Emergency department leadership should consider hiring additional non-nursing patient care personnel to meet the challenges of the post-COVID-19 health care workforce. For this to happen, RNs must be trained in a more “managerial” approach to patient care, including task delegation, supervision, and evaluation and feedback. This role is similar to the ways in which the attending physician(s) provide care in academic institutions, working in a supervisory capacity over several residents and Advanced Practice Providers. While some in the nursing profession may feel that assigning tasks to other staff equates to giving away their responsibilities and undermining their influence as health care professionals, these recommendations are intended to address the critical shortage of experienced nurses. The nursing shortage is affecting every facet of health care quality and delivery, and accepting the status quo is unsustainable and will exacerbate the resultant inefficiencies. Elevating nurses to more managerial positions may assuage the sentiment that nurses are “being replaced” by other health care professionals.
With additional training, nurse-extenders can meaningfully improve ED flow and care by performing a wider range of tasks. Table 1 outlines areas of training for various medical personnel in order to reduce the burden on emergency nurses, allowing them to focus on more complex diagnostic and therapeutic responsibilities. Hospital nurse educators can provide additional training during the onboarding process, and outcomes should be measured and compared to regional norms. It is important to note that the potential roles of nurse-extenders vary based on local and regional regulations and scope of practice restrictions.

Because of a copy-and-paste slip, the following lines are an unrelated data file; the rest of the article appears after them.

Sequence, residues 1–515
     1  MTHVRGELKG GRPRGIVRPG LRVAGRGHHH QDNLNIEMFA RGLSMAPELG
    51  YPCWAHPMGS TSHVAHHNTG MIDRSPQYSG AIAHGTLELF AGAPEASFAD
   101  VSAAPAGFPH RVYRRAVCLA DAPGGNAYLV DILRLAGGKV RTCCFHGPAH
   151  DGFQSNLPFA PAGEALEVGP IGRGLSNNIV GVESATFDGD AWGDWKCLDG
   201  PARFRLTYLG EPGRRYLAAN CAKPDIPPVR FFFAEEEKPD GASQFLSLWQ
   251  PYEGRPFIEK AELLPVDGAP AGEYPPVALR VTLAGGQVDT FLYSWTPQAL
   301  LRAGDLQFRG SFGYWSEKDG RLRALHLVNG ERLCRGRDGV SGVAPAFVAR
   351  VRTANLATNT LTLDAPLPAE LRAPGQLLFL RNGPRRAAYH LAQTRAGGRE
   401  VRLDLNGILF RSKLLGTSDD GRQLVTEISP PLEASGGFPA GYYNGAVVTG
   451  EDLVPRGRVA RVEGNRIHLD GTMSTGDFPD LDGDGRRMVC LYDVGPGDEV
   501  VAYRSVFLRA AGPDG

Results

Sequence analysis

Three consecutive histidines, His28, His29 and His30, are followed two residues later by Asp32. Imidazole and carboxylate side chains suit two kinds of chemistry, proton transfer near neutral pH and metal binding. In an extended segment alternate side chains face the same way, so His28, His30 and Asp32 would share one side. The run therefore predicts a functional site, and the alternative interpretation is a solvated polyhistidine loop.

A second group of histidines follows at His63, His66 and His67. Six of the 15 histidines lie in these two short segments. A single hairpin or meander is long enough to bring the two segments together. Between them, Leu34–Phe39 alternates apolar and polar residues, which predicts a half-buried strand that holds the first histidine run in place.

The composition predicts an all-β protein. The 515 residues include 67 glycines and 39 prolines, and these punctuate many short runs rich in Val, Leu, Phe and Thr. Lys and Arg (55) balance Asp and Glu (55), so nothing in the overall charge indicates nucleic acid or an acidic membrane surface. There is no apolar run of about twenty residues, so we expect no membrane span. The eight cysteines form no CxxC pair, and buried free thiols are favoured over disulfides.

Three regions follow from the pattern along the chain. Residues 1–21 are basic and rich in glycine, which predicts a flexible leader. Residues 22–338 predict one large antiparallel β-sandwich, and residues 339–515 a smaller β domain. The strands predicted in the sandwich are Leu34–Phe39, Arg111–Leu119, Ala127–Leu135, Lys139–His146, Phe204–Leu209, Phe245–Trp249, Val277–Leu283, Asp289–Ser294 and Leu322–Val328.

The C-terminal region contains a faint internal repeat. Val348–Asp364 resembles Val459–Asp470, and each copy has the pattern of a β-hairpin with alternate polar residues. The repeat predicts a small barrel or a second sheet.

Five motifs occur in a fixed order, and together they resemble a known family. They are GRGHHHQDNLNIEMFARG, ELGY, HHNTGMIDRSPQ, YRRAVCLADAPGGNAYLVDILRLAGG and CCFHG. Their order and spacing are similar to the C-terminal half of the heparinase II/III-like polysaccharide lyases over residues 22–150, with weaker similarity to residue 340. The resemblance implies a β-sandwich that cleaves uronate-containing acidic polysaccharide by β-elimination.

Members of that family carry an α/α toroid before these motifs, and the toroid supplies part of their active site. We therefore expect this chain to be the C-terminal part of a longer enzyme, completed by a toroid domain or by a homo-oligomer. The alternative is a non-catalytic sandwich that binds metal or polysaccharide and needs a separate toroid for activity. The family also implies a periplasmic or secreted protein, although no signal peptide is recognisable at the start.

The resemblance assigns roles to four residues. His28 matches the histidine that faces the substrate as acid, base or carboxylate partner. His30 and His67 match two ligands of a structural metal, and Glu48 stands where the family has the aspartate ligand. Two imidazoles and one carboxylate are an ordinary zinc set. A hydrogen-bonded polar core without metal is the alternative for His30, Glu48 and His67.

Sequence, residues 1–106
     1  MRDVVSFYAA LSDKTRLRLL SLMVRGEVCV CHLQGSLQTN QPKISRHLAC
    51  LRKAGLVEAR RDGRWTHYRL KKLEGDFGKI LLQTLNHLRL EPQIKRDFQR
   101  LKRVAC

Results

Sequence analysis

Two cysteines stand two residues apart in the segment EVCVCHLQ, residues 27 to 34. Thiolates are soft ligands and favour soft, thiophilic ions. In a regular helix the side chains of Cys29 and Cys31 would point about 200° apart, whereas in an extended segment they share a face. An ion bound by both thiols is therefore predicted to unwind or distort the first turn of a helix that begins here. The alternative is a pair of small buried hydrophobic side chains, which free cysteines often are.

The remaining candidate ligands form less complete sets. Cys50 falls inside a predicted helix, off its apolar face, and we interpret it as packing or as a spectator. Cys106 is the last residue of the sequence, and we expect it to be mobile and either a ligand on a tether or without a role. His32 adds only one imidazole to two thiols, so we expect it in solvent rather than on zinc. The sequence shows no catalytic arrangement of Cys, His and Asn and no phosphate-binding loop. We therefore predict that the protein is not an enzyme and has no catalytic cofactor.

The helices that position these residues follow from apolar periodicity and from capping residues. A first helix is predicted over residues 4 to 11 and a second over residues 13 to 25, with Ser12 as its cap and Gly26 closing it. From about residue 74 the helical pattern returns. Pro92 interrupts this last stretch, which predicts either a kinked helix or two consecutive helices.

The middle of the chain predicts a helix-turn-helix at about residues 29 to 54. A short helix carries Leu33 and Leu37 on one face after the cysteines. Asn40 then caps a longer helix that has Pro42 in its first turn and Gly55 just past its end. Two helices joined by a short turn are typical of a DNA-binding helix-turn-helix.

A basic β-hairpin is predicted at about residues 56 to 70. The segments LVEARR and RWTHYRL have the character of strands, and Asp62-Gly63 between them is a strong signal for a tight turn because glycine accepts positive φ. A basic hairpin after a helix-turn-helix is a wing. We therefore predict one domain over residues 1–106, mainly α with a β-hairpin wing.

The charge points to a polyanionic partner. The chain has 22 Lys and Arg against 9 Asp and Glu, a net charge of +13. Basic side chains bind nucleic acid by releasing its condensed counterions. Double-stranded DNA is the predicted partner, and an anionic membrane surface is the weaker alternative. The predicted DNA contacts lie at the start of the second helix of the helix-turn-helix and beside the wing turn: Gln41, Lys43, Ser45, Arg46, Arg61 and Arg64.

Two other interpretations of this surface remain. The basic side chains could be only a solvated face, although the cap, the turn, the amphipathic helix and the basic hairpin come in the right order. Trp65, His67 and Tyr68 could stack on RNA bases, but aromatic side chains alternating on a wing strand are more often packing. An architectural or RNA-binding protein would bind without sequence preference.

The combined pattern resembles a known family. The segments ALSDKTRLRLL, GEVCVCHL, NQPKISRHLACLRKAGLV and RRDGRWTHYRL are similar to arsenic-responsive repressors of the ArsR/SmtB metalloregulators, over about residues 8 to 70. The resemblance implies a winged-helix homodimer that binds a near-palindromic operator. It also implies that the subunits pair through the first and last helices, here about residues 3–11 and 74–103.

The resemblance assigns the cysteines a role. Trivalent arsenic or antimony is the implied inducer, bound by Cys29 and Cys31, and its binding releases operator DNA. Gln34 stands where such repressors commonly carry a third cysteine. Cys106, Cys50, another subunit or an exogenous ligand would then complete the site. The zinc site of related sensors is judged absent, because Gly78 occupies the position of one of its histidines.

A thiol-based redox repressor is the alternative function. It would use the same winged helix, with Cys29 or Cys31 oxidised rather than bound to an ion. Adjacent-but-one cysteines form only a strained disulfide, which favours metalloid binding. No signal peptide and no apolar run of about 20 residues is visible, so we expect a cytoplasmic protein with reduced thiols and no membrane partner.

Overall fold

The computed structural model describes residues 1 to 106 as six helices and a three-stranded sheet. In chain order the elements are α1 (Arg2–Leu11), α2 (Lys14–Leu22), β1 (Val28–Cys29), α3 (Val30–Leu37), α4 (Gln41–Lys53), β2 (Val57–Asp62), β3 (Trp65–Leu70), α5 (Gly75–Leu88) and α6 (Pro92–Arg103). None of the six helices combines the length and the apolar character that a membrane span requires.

TableAreas that various medical personnel could be trained to alleviate the stress on emergency nurses
Ultrasound-guided venous cannulation
EDT, emergency department technician; EMT, emergency medical technichian.
The icon indicates tasks that these personnel already are trained to perform.
The emergency nursing task force shortage is significantly affected by COVID-19. Emergency nurses can use this information to explore the potential for using nurse-extenders to promote optimal patient outcomes during the current staffing crisis. ED-extenders, who are discussed in this paper, could help emergency nurses to provide safe care during periods of short staffing. Future studies may offer additional insight into emergency nurse-extenders and discuss the implementation and integration of these personnel in order to augment the existing ED workforce, as well as their effects on ED flow and care delivery.